Archive for September 13th, 2012
He attended one Armenian-Catholic service that seemed “stiff and devoid of new life.” He felt that Roman Catholicism was moving in that direction but observed that there were “many religious establishments where a vital religious life still plays a part. The confessional is an example of this.” He exalted in much of what he saw. But he did not feel led to embrace Catholicism as a convert. An acquaintance he met in Rome tried to convince him, but Bonhoeffer was unmoved: “He would really like to convert me and is quite honestly convinced of his method. . . . Following these discussions, I find I am once again much less sympathetic to Catholicism. Catholic dogma veils every ideal thing in Catholicism without knowing that this is what it is doing. There is a huge difference between confession and dogmatic teachings about confession – unfortunately also between ‘church’ and the ‘church’ in dogmatics.” He considered the union of both churches: “The unification of Catholicism and Protestantism is probably impossible, although it would do both parties much good” [Metaxas in Bonhoeffer, 56.
In my own study and experience, I have discovered three things in relation to this. First, many who leave Protestantism for Roman Catholicism are looking to experience God in a way in which they can be scholastically free and connected to the ancient faith. However, as Bonhoeffer observed, spiritual vitality is absent. Beware of dead dogma, traditions, and icons wherever they may be.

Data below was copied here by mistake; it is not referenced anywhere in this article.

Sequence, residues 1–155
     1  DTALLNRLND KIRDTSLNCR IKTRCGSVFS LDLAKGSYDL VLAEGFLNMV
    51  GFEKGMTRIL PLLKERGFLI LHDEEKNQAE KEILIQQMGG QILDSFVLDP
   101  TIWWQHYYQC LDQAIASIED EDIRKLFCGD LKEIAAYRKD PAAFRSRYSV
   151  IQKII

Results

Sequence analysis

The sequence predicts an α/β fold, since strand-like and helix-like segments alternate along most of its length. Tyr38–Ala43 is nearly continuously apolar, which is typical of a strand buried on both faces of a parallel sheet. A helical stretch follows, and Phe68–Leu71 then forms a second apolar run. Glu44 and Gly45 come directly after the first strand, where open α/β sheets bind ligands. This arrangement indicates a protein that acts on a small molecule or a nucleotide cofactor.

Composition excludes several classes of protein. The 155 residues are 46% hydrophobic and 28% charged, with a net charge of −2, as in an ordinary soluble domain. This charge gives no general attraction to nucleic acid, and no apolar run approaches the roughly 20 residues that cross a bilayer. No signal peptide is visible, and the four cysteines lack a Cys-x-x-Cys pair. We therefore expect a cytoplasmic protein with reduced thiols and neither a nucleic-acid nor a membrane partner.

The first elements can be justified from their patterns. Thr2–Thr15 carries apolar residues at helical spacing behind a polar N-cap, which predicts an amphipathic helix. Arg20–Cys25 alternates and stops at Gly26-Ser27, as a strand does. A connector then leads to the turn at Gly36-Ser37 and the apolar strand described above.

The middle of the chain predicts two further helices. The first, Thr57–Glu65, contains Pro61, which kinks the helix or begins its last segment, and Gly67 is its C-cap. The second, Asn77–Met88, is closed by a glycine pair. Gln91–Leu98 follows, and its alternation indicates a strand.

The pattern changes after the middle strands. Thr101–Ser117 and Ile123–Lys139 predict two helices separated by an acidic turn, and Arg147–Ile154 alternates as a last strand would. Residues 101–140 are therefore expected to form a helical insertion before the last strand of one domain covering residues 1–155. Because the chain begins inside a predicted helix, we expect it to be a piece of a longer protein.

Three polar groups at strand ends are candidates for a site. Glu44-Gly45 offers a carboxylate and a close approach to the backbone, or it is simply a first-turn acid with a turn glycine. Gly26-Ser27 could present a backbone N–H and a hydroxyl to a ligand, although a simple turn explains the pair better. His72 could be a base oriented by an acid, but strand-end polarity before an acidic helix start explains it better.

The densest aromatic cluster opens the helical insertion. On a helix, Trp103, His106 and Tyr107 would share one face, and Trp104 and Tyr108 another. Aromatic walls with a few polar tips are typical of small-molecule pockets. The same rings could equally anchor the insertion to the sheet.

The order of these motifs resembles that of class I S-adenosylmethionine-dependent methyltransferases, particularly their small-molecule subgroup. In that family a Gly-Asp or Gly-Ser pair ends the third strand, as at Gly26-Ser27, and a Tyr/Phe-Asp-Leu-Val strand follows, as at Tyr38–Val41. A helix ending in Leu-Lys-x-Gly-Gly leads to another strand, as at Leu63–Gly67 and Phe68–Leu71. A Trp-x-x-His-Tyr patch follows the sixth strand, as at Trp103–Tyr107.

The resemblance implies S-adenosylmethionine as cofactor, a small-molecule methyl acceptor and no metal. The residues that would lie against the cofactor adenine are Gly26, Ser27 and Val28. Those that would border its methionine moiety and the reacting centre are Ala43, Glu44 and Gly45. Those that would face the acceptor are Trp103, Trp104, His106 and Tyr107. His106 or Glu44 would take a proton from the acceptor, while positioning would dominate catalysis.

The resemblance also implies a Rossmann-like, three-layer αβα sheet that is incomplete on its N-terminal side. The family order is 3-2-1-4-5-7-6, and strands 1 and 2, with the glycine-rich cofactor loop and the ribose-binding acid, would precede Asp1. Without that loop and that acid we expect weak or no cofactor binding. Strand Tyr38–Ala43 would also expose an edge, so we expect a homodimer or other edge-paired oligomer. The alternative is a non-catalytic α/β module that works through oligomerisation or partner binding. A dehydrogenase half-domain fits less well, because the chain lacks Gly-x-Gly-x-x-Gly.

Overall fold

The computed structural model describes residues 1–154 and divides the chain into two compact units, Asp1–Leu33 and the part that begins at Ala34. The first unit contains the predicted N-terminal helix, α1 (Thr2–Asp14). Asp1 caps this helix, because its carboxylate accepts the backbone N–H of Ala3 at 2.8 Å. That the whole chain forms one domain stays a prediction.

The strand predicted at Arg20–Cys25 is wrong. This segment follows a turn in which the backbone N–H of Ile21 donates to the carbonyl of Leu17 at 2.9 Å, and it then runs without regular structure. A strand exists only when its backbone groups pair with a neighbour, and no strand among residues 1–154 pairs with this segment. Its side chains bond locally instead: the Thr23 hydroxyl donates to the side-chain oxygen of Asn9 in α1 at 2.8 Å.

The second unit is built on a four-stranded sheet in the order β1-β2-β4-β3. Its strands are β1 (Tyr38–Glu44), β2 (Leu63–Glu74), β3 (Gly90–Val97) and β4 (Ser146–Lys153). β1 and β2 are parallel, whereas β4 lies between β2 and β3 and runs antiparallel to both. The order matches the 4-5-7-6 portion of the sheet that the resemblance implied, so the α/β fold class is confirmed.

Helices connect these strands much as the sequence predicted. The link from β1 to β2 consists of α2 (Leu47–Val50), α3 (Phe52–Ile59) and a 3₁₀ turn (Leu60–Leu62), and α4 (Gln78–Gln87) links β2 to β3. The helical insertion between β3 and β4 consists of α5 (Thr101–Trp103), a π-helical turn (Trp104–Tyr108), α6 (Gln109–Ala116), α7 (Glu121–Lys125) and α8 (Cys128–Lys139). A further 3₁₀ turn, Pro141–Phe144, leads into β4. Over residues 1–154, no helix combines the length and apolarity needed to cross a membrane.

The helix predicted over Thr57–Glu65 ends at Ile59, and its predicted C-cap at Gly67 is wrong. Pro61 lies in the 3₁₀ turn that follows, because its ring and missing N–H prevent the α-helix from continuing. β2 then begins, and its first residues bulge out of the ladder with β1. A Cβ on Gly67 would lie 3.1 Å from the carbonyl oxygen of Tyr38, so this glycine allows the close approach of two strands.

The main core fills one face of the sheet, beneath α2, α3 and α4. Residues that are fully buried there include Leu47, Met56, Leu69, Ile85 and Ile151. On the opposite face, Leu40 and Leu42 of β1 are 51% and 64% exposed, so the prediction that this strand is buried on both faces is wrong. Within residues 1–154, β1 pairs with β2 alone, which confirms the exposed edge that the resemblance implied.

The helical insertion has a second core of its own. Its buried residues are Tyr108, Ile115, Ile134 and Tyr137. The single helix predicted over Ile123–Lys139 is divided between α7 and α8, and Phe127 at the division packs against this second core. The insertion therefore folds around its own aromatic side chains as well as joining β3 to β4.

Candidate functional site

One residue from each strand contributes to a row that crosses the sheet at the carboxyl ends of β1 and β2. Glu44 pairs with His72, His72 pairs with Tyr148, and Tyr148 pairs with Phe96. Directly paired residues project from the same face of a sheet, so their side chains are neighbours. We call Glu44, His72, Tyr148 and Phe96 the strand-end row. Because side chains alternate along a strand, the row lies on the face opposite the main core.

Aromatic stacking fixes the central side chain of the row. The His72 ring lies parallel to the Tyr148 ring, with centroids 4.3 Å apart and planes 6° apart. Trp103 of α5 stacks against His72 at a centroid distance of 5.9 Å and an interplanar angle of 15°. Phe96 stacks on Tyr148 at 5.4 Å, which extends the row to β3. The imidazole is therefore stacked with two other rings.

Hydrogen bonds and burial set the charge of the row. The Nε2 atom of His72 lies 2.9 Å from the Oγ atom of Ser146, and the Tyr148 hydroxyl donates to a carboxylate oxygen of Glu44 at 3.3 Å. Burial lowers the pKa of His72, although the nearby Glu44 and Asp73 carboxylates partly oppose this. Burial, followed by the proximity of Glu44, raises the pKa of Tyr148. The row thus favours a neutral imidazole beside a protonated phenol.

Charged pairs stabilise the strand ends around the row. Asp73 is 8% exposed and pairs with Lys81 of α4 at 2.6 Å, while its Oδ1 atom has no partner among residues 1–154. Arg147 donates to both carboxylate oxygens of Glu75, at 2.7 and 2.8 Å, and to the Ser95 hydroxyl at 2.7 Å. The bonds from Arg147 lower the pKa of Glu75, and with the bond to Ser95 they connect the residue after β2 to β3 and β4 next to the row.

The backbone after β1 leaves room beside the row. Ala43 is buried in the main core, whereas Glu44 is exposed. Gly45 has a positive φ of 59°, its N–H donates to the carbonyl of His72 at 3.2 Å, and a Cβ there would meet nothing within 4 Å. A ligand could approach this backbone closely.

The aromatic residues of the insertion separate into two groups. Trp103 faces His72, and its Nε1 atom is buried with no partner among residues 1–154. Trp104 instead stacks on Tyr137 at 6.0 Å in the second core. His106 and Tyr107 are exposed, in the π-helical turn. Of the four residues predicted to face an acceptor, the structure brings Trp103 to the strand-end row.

Second, don’t forget that both Protestants and Roman Catholics share the heritage of the Church prior to the Reformation. Neither one owns the previous history.
Third, a key difference between the Roman Catholic and Protestant traditions is their approach to doctrine. RC’s take an expansive approach to doctrine; that is, the apostles meant for us to expand upon what was revealed to them. Protestants take an explanatory approach to doctrine; that is, the Church should explain and attempt to make clear what was revealed by God to the apostles. Of course, there is some overlap here rather thank clean line; however, the philosophies are clearly observed in each tradition.
[In contrast to the Roman Catholic Church] the Lutheran and Protestant traditions were less connected to the great classical past and could therefore veer toward the heresies of Gnostic dualism, of denial of the body and of the goodness of this world. But here in Rome the mingling of these two worlds was everywhere [Metaxas in Bonhoeffer, 54].
I’m beginning to wonder if I will ever get off page 54!
For Dietrich the theologian to hold a prejudice in favor of Lutheranism or Protestantism, or even Christianity, would be wrong. One must consider every possibility and avoid predisposing oneself to where it would all we need [Metaxas in Bonhoeffer, 54].